Major plans for dozens of new houses, a riverside hotel and a pub in Burton town centre are finally set to be determined.

The scheme for the old Bargates shopping centre site fronting the River Trent doeshas led to strong opposition, including a petition signed by more than a thousand people and from the nearby Burton Bridge Brewery which says its delivery lorries would not be about to get to the brewery making its business "unworkable".

Many of those who objected did not want to see so many houses built, saying the site should be used for entertainment instead and that the planned flats looked like "prison-like".

And if the scheme does go ahead Burton could lose out on more than £100,000 in developers' contributions towards things like doctor surgeries because the developer says it cannot afford to pay as the margins in the project are too tight, a report has revealed.

The plan is to build a mix of 72 sheltered housing units and other homes, a hotel and a pub on the one-acre site between the River Trent and High Street, in Burton, and set to be finally decided at a council meeting next week when it recommended for approval.

But while developers are usually expected to pay money towards services which would be affected by new housing, such as schools and doctors surgeries, the Bargates applicant Jessups Build Develop will be not be required to pay this cash for "financial reasons" after stating there is not enough viability in the scheme to provide contributions as many of the homes would be affordable ones.

East Staffordshire Borough Council, as the planning authority, can impose conditions on developers that the cash be paid but in a report to the planning committee, council officers have said: "Overall it is considered that the benefits of the scheme which is the delivery of a high quality scheme of affordable housing, in particular sheltered accommodation on a brownfield site where its redevelopment has been a longstanding planning policy objective, outweigh the requirement for the financial contributions sought."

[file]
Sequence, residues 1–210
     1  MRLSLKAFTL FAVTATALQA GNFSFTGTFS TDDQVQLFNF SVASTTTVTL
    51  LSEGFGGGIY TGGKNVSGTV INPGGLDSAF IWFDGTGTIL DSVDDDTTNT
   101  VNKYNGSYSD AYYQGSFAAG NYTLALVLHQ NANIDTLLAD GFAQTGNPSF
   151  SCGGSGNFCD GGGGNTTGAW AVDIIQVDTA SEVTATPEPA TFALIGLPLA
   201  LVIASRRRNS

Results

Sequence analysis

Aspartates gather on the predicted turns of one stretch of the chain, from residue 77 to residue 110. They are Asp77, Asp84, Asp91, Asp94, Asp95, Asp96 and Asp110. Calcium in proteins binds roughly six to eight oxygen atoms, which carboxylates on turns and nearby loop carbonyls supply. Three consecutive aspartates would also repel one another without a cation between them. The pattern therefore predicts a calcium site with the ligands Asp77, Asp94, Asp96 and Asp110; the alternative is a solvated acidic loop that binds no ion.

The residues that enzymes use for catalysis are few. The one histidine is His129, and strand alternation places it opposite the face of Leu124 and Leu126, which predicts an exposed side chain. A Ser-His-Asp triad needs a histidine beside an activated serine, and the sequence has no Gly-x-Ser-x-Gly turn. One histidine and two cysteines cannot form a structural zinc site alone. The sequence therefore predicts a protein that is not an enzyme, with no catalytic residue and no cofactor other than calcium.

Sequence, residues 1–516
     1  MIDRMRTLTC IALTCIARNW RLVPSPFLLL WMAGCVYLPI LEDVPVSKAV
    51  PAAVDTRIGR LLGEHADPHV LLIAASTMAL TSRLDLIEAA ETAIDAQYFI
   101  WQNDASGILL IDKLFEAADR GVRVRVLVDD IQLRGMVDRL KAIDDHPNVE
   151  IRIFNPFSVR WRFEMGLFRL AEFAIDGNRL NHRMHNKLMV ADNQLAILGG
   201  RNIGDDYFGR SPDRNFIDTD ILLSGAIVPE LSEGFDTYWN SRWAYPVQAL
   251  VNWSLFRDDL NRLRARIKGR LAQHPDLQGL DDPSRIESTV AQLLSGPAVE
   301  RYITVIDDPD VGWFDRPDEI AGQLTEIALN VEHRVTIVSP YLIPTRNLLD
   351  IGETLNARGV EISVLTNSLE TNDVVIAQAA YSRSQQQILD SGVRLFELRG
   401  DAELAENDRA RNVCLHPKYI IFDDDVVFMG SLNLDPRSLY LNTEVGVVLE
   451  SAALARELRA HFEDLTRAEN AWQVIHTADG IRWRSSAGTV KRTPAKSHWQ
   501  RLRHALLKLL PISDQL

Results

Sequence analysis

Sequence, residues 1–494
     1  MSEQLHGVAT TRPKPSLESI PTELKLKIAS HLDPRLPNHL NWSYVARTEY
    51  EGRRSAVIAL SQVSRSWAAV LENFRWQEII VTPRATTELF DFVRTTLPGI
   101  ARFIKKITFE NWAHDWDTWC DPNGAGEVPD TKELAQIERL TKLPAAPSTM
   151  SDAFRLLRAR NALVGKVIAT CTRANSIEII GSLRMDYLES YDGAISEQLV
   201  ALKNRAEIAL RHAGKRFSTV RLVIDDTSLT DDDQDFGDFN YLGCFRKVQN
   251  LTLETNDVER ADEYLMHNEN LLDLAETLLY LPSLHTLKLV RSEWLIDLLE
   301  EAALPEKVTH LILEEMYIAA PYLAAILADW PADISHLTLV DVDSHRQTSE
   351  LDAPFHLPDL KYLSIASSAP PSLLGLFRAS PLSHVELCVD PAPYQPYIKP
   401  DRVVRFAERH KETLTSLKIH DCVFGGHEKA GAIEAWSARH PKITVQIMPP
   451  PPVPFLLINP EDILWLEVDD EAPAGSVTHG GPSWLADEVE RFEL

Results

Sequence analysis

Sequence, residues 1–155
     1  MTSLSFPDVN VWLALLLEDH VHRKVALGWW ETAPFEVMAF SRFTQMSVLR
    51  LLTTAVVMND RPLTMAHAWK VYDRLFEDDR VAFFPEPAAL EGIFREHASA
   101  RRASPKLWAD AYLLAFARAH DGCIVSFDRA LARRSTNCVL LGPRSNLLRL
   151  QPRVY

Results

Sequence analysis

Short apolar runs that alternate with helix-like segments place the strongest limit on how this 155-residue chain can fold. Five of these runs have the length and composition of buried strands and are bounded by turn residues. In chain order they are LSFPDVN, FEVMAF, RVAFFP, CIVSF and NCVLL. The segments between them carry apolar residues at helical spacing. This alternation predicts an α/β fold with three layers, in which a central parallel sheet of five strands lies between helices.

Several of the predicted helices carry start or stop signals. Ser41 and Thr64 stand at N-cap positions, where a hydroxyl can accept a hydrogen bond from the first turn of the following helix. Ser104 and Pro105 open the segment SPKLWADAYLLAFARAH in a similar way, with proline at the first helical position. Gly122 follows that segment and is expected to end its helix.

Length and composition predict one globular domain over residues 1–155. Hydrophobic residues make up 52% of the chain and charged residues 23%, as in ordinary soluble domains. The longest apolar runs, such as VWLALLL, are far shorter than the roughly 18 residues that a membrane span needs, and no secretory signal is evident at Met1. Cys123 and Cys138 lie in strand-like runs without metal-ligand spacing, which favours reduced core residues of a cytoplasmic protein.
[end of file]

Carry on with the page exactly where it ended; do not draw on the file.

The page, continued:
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The applicant has agreed to monitoring of any highways issues, by way of a travel plan and would allow for a full highways assessment at a future date if the project is approved. No start date for the work has been revealed as yet.

There would be two phases of the development which will be discussed at the borough council's planning committee meeting on Tuesday, September 28.

The first phase would see 72 sheltered houses, 10 homes, 13 apartments, and two offices built

The second phase seeks permission for the hotel, a pub with associated parking and up to four homes and eight apartments.

It comes four years after a first application for the site was submitted and later withdrawn, and more than 10 years since the old shopping centre and bowling alley were bulldozed.

The application has attracted 38 letters of objection, including two petitions signed by a total of more than 1,300 people.

Objections had included one from the borough council's own tree officer who said the proposed development would see the removal of a large number of mature trees, including protected ones, saying there was no replacement offered except for a 'feature tree'. There would be 39 removed.

The development fronting High Street

However since this objection the landscape proposals for the site have been amended to include the planting of 94 trees across phase 1. Some of these trees will be in private gardens, but the majority will be in public areas, the report says.

The council's waste manager also raised concerns about the layout of the development, which "would require refuse vehicles to make difficult manoeuvres, including reversing in and among parked cars, in pedestrian areas".